The Events Expert Interview Series #21: Julius Solaris

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If you've been following along, you know we've been interviewing expert event professionals, and sharing their insights, advice, and unique experiences. Julius Solaris is the editor of EventMB, the number one online platform worldwide for event professionals. Julius is also the founder of the Event Innovation Lab, an immersive training program for Fortune 500 companies and high performance event teams. He has also been named one of the 25 most influential individuals in the Meeting Industry by Successful Meetings Magazine.

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1) You've created and built some amazing resources for the events industry. Help us connect the dots, if you would—how did you transition from marketing manager and event coordinator stints to founding EventMB and growing it into the top website for event professionals...

11 years ago, blogs were all the hype. I was deeply committed to start one and make it become my business. They say you can start a blog on something when you can write at least 50 articles on a topic. My topic was events. As you mention, I did have experience as marketing manager for a pharma conference and that was it. I was especially interested in the intersection between social media and events, as well as the use of tech in events. The rest is history.

...as well as the Event Planning & Event Management LinkedIn group, which now has more than 377,000 members? 

A year into the blog, I jumped on the opportunity to have a group on LinkedIn. The group has recently celebrated its 10 year anniversary. There is a lot of uncertainty in terms of what LinkedIn wants to do with the groups platform. One thing for sure, the community we built has been at the center of some of the most revolutionary research ever done in the industry. Our latest research involved over 2,400 respondents.

2) And what does a typical day look like for you now?

I now look after a team of eight. I focus mostly on our reports and direction of the business. That means I fix problems and I create new ones ;-) 

3) What's the biggest challenge you face in your work?

There is a lot of awful content out there on event planning. With content marketing being one of the strongest drivers for companies, everybody is doing some level of content creation and promotion. How do you differentiate unbiased, independent content from brand content? This is very unclear in the eyes of readers.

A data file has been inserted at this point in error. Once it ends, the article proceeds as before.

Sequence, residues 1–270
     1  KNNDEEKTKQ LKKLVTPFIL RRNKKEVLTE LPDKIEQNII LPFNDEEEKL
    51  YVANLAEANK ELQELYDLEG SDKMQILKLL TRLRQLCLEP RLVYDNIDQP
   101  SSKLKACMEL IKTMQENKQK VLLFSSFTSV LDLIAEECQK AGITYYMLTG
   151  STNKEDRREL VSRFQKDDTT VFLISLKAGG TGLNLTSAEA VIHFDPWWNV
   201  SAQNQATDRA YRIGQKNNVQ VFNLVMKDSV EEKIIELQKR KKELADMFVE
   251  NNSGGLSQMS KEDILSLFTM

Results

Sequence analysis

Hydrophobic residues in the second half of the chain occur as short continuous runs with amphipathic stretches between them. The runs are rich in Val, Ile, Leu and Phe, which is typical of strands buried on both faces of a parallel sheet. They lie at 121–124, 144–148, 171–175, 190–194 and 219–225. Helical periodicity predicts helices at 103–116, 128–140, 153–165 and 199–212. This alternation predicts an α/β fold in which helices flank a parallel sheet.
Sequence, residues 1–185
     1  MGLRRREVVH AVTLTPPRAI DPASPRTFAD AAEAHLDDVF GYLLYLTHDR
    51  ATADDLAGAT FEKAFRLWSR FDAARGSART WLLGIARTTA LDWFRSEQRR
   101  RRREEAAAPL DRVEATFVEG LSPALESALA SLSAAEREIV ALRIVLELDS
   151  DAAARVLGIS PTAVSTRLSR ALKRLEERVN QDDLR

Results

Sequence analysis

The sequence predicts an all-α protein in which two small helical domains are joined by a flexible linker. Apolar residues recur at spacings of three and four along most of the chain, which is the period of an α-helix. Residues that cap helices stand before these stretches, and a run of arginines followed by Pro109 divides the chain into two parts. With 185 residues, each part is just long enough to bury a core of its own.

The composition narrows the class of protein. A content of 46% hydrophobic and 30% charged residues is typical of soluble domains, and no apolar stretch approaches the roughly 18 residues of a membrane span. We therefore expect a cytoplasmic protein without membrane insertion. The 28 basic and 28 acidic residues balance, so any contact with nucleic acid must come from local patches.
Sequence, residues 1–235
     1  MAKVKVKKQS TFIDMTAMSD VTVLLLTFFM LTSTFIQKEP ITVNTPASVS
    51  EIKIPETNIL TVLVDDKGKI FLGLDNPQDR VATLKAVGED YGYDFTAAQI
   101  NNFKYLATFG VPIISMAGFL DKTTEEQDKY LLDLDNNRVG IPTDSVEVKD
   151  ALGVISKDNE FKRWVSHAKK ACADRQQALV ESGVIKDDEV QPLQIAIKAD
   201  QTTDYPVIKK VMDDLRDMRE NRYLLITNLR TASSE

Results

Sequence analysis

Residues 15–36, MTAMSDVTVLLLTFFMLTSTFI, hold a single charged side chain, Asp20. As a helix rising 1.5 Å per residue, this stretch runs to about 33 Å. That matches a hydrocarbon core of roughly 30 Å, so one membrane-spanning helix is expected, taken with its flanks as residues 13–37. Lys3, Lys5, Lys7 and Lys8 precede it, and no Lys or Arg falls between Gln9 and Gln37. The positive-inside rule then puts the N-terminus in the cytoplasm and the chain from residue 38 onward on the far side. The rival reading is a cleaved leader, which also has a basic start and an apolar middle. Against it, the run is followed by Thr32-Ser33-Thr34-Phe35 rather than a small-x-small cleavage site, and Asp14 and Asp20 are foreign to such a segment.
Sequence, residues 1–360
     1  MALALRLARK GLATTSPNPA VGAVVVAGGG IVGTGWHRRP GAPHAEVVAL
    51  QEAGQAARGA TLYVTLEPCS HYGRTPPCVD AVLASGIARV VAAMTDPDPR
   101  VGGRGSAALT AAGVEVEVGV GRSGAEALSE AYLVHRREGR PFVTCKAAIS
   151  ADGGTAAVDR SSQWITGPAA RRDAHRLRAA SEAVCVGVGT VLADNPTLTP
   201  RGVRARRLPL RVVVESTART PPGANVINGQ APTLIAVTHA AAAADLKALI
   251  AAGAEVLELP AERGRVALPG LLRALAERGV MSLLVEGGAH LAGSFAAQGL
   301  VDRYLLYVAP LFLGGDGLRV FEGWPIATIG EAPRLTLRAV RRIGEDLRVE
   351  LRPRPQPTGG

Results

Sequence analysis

Our commitment to high quality, research-driven content has been the only reason why we've been able to constantly grow, surpass competitors, and shine in a sea of poor content. Yet the level of noise is detrimental, confusing and ill-advised in good part. My challenge? I want to fix that. 

4) What types of event-related technology do you use or interact with?

As a speaker, I love all tools that make sessions more engaging. I love interaction tools, throwable mics, live polls, and q&a. As a planner, I lean toward all-in-one software solutions or very integrated tools. There is no time for siloed tech. My motto to eventtech providers is to evolve or die. As event professionals, we cannot dedicate time to your technology if it creates more problems rather than solving existing ones.

5) What do you see as the biggest trend(s) in events this year, particularly in relation to event technology?

There is a big trend in terms of consolidation. More acquisitions, more IPOs, more mergers. That is great news for event tech providers as more capital is pouring in. 

At the same time, it could mean higher barriers to entry, particularly for registration and event apps. If you are a startup today planning to do ticketing or apps, you will struggle. I am excited about those startups that want to disrupt and fix big problems with events. Facial recognition is one, especially for addressing long lines and faster check in.

Planners on their end need to step up their event technology education. There is no excuse to dodge the tech bullet. You cannot scale your event or event business without tech. Not-going-to-happen! Attendees expect tech at events; it's part of the experience mix, as we like to call it. 

6) If you could give event planners / marketers one piece of advice, what would that be?

There is a lot of focus in our industry on stunts and capturing attention, whether through entertainment or motivational keynotes. While this could be fun, ask yourself, will my attendees change as a result of this? Will they learn something? Will they remember the event because of my choices?

The problem with attention-grabbers and stunts is that they don't last, and require you to plan from scratch each year. Create sustainable change by planning events with a purpose and a clear objective. Be clever, unique, and creative, but deliver on the objective. You are not the director of a circus, you are an event professional.